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George I
George I
148

same effect made to the elector by Peterborough and others in 1707 were rejected accordingly). George Lewis appears in return to have given good advice on the subject of the negotiations with Charles XII of Sweden. The elector formed intimate relations with Marlborough, and maintained them after the duke's loss of favour (for an earlier letter, 1702, see Macpherson, i. 621). In 1706 Halifax brought over the 'Regency Act,' by means of which the Hanoverian succession was to be actually accomplished, and the act which naturalised the Electress Sophia and her descendants, being protestants. The elector made polite acknowledgments (Macpherson, ii. 51 seqq.), but his policy was still governed by his dynastic interests at home and his devotion to the emperor. Rigidly abstaining from intervention in English affairs, and even more consistently than his mother avoiding any step which might give umbrage to Queen Anne or her ministers, he steadily seconded her in her policy of masterly inaction. Horace Walpole's assertion (Reminiscences, p. cvii) that during Anne's reign the elector was inclined to the tories and his mother to the whigs is a misrepresentation.

In 1707 George Lewis, after some well-warranted hesitation, accepted the supreme command of the army of the empire on the Upper Rhine. 'He found the troops in an unsatisfactory condition of discipline (September), and was much hampered by the slackness of the contributions and by the formalities surrounding his office. He showed much energy in combating these obstacles, but he was not initiated by Marlborough and Eugene into their plans for the campaign of 1708, or allowed to share its laurels. In 1709 his own offensive operations were thwarted, and on 20 May in the following year, indignant at the shortcomings of the emperor and the estates, he resigned his command (cf. his letters to Queen Anne, ap. Macpherson, ii. 178-81). But he was as loyal as ever to the war, and when sounded by Queen Anne deprecated further changes in her government. Hereupon the tory managers thought to gain his goodwill by bringing about his nomination to the command in the Low Countries. It was even said that Lord Rivers, who was sent to Hanover in 1710 to explain away the ministerial changes in England, was to insinuate the offer. But Marlborough had forewarned the elector, who managed to give replies of unimpeachable prudence to Rivers's explanations. George Lewis's chief interest in these years was probably the progress of the northern war, which led him to conclude defensive alliances with Poland (1709) and Denmark (1710), and to exert himself to stave off hostilities in the German northeast. At first he demurred to the proposed partition of the Swedish territories, but insisted, in the event of its being taken in hand, that the duchies of Bremen and Verden should be allotted to Hanover. When in the autumn of 1712 the Danes occupied Bremen, he sent troops into Verden.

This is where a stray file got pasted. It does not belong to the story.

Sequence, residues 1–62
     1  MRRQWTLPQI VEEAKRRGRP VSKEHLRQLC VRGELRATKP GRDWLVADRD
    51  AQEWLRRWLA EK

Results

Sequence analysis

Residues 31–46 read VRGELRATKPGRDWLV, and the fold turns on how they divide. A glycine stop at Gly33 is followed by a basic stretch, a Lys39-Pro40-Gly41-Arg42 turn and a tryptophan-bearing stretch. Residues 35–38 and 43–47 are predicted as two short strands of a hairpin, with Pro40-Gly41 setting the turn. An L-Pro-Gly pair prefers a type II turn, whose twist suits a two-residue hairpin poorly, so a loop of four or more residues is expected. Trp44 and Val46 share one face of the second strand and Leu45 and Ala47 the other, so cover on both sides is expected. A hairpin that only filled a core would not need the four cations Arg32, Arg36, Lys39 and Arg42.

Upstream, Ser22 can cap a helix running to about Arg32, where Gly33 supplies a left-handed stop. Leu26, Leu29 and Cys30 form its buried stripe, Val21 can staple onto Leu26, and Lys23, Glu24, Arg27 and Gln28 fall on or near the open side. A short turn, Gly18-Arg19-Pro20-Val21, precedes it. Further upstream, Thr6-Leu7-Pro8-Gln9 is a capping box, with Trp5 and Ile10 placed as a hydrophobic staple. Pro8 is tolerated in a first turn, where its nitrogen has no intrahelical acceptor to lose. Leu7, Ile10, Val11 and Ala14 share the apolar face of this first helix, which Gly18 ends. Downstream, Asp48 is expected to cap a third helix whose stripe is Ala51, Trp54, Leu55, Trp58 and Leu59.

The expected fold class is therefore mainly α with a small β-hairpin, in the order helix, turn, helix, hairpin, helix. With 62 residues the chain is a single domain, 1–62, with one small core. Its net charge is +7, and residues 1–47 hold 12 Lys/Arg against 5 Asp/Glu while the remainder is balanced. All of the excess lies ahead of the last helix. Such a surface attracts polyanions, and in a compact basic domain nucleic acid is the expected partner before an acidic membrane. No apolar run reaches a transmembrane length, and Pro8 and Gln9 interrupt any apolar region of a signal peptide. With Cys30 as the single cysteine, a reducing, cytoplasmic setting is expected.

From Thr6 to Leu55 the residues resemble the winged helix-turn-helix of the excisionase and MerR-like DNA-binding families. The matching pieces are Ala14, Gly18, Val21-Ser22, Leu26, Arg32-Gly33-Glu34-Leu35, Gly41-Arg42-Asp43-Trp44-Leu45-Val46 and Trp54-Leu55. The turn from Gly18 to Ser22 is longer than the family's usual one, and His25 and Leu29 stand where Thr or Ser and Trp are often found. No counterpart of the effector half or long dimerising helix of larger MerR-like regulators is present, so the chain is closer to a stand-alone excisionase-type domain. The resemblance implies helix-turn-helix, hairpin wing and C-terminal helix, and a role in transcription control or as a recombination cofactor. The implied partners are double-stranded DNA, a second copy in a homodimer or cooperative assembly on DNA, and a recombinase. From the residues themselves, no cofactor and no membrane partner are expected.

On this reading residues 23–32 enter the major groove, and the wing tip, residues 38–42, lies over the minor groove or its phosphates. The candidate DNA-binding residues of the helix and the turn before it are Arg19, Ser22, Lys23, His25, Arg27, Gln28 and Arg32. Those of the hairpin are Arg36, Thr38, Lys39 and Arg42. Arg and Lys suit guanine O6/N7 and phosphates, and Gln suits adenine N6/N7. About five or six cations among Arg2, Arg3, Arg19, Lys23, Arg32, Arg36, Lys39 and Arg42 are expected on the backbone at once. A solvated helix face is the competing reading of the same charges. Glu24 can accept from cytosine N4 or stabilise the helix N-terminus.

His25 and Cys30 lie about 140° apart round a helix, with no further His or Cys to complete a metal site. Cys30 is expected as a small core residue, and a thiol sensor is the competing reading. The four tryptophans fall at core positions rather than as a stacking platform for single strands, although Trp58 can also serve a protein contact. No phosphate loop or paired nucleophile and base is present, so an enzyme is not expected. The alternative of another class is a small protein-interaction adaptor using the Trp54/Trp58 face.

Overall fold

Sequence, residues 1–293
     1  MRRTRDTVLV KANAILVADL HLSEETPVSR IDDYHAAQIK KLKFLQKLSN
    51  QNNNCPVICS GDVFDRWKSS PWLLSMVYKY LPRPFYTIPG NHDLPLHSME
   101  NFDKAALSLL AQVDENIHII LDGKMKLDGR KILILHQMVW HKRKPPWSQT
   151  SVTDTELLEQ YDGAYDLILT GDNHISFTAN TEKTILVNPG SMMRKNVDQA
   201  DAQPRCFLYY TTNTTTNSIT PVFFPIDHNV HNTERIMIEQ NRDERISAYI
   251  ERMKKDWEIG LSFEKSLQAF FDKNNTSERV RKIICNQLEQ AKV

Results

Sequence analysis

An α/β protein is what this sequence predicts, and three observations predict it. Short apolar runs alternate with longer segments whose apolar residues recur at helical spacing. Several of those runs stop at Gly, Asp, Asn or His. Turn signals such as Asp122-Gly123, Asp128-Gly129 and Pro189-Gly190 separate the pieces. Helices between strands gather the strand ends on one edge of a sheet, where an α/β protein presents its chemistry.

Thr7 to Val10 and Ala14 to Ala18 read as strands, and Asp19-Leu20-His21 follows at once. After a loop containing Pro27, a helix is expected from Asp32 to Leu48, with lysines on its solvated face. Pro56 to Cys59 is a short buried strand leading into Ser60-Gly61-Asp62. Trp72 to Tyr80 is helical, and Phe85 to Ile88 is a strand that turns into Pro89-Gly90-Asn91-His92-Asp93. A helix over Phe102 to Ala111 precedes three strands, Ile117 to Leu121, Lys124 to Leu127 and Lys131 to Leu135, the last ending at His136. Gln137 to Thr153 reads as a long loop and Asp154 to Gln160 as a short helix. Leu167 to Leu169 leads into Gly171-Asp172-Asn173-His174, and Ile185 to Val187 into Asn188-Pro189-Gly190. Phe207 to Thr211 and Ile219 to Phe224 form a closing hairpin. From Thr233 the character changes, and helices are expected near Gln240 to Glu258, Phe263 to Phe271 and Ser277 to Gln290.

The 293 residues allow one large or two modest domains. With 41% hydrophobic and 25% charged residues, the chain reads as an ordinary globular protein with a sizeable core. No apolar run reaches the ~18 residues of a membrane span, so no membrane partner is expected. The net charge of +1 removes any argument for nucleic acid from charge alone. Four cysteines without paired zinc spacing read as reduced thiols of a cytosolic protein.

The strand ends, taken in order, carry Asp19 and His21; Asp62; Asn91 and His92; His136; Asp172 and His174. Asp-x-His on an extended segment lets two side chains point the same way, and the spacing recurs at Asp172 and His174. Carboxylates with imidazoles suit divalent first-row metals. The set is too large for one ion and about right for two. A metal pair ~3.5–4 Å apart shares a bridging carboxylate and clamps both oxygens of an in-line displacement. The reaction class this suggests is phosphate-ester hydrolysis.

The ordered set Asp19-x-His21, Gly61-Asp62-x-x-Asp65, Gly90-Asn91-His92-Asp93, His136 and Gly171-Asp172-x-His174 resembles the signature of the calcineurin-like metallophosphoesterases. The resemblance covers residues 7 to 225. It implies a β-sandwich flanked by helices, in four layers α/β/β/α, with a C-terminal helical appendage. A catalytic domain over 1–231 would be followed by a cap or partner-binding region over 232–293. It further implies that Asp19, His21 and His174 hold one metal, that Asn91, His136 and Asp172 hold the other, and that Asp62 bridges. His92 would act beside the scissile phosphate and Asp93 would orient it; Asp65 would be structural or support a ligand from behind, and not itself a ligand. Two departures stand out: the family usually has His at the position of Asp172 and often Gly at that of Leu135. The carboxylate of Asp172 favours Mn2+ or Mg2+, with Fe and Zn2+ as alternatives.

The polite overtures of both Harley and St. John in 1711 were very coldly met by the elector. He maintained a significant reserve concerning the peace negotiations, but found it necessary to send a plenipotentiary to Utrecht. He did not seem overcome when Thomas Harley arrived at Hanover (July 1712) with the act according precedence in England to his mother, himself, and his son, and though turning a deaf ear to Prince Eugene's suggestion that he should play over again the part of William the Deliverer, declined to second the policy of the British ministry at Utrecht or elsewhere. In his instructions to his envoy Grote he made no secret of his suspicions of Oxford, and his trust in the whig leaders; but he steadily maintained his attitude of non-intervention in English affairs, and notably declined to favour the suggestion (1713) that the electoral prince should be sent over to England. Even the news of Anne's serious illness at the end of the year failed to move him. Schulemburg's statement that George Lewis, could he have done so with honour, would have readily renounced his claim to the English succession (Klopp, xiv. 590), remains a mere assertion. In any case, such a course became altogether impossible after the insulting letters written by Bolingbroke in Queen Anne's name, when, in consequence of the Hanoverian envoy Sch├╝tz's inquiry, the lord chancellor had sent to the prince his writ of attendance in the House of Lords [see George II]. Though one of the famous three letters was addressed to the elector (for it see Macpherson, ii. 621), it is certain that he had not joined with his mother and son in making the obnoxious inquiry (see the elector's own declaration to Clarendon, ap. Coxe, i. 142-3, and Robethon's explicit statement, Marchmont Papers, ii. 399 seqq.; cf. Klopp, xiv. 576 seqq.) In the memorial signed by the electress and himself on 7 May, however, both the dotation of the former and the establishment of a member of the electoral family in England had been pointed out as expedient (see Macpherson, ii. 608 seqq.) The death of the Electress Sophia on 8 June seems to have induced the elector to manifest a livelier interest in the succession, in which he had now taken her place; nor was it an impulse of pure sentiment which on this occasion led to a recon-